Language, Politics

Although I’ve read some Korean history, and I’ve watched Korean soap operas when I was in Taiwan, I still know very little about Korea. I’ve always been curious why so many academic events related to Korean studies spell Korea with a C” instead of a K” (Corea). Now, thanks to a comment on a recent LanguageHat post, by T. Carter,of the blog Lifechanges … Delayed, I finally know the answer:

The name Corea” actually originated from the Goryo dynasty (10th to 14th Century, pronounced Gor-yuh”). That name was actually a shortened version of Gogoryu, which was an even earlier dynasty representing Corea. Through Mongolian and Western contact, the Corean peninsula gradually became known as Goryo which was pronounced as Goryuh” which was eventually written down in Latin and French as Corea” or Coree” (because that’s what it sounded like).

The K-spelling was adopted by English and Japanese translators by the early twentieth century, and solidified during the Japanese Occupation of Corea (1910 to 1945). During this occupation, the goal of Imperial Japan was to erase all signs of Corean culture (names, language, costume, tradition, temples, historic landmarks, and lineages were all outlawed and/or destroyed) and assimilate Coreans into Japanese citizens. This cultural annihilation was nearly complete until the Japanese left at the end of World War II. Most if not all of what was destroyed was rebuilt and remembered, proudly and stubbornly as usual in Corea history. (This is partially why there is still much political Corean-Japanese rivalry and why Coreans are so protective of their traditions.)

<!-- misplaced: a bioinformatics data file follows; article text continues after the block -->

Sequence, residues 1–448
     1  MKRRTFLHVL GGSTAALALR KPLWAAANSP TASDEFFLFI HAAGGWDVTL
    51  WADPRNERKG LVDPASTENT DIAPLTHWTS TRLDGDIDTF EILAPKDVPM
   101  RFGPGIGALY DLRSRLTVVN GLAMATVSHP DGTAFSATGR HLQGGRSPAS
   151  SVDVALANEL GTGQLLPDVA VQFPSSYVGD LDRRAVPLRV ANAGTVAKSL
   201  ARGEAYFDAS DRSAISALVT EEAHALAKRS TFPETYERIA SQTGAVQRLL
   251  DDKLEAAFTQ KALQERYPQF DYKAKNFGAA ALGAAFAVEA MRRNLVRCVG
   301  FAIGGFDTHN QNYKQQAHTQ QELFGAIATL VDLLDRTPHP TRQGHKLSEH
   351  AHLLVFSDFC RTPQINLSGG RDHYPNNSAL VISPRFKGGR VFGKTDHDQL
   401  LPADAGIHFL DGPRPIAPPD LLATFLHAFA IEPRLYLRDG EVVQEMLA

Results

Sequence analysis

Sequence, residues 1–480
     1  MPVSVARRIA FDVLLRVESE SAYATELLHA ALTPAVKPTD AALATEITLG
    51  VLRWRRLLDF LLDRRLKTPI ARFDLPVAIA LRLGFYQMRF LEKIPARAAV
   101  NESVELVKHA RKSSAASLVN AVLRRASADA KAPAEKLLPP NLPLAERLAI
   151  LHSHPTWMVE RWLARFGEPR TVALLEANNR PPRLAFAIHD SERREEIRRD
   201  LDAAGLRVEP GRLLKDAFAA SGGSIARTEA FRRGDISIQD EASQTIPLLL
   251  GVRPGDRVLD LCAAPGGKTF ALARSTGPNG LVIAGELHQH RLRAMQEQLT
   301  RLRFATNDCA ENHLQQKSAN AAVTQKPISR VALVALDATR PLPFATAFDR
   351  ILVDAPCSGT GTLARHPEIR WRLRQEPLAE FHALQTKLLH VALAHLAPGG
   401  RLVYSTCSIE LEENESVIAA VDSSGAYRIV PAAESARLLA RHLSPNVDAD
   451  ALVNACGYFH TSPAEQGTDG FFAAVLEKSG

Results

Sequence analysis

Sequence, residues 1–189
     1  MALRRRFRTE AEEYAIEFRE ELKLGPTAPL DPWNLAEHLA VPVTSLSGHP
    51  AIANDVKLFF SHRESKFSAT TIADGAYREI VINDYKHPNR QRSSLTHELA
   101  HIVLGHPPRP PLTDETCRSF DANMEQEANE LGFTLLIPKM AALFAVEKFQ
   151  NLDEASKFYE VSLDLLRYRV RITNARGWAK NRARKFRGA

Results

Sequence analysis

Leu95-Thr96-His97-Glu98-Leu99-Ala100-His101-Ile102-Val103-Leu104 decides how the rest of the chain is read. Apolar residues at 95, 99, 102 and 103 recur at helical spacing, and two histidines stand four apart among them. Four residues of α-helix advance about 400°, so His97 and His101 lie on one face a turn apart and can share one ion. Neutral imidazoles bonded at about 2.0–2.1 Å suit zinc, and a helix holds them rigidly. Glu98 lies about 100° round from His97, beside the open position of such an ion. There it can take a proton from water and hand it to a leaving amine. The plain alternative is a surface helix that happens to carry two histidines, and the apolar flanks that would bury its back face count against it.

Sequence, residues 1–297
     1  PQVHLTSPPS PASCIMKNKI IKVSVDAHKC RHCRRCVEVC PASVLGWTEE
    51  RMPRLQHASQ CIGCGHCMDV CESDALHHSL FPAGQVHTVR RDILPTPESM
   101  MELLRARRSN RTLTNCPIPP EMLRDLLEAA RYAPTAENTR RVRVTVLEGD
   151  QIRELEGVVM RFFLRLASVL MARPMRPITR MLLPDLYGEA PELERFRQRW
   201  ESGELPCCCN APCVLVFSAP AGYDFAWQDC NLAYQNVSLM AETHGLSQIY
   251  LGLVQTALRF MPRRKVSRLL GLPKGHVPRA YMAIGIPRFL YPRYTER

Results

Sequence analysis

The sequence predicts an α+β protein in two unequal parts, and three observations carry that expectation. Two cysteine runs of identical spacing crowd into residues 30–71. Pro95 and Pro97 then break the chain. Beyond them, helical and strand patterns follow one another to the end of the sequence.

Exactly why this C-to-K spelling change has been a point of controversy (although there is good evidence that there was political intent, per the article in Part Two below).

But the fact remains that it was spelled with a C” prior to this period of unwelcome occupation, and still is by much of the world.

And, from the same LanguageHat post, we learned about an attempt to change the Chinese name of the Han’gang River which flows through Seoul.

Meanwhile, Bill Poser at LanguageLog explains how Japanese use Kanji to spell European loan words. This reminds me of a great discussion in John Defrancis’ book Chinese Language: Fact and Fantasy, about a panel that was assembled by the Japanese Imperial authorities during World War II, in order to plan how to impose the use of Chinese characters on to the English language. The idea being that if their entire empire used Chinese characters it would facilitate communication. The different methods suggested by the panel closely correspond to the methods described in Poser’s post.

In another post, Bill Poser also wonders why newscasters insist on pronouncing Beijing as Beizhing.” Something that has bothered me for a long time. I always thought it had something to do with the adoption of Pinyin by American newscasters. Before, they used to say Peking” and Mao Tse-tung” (instead of Mao Zedong) — then they were told to change everything. I couldn’t help but feel that they were simply overcompensating.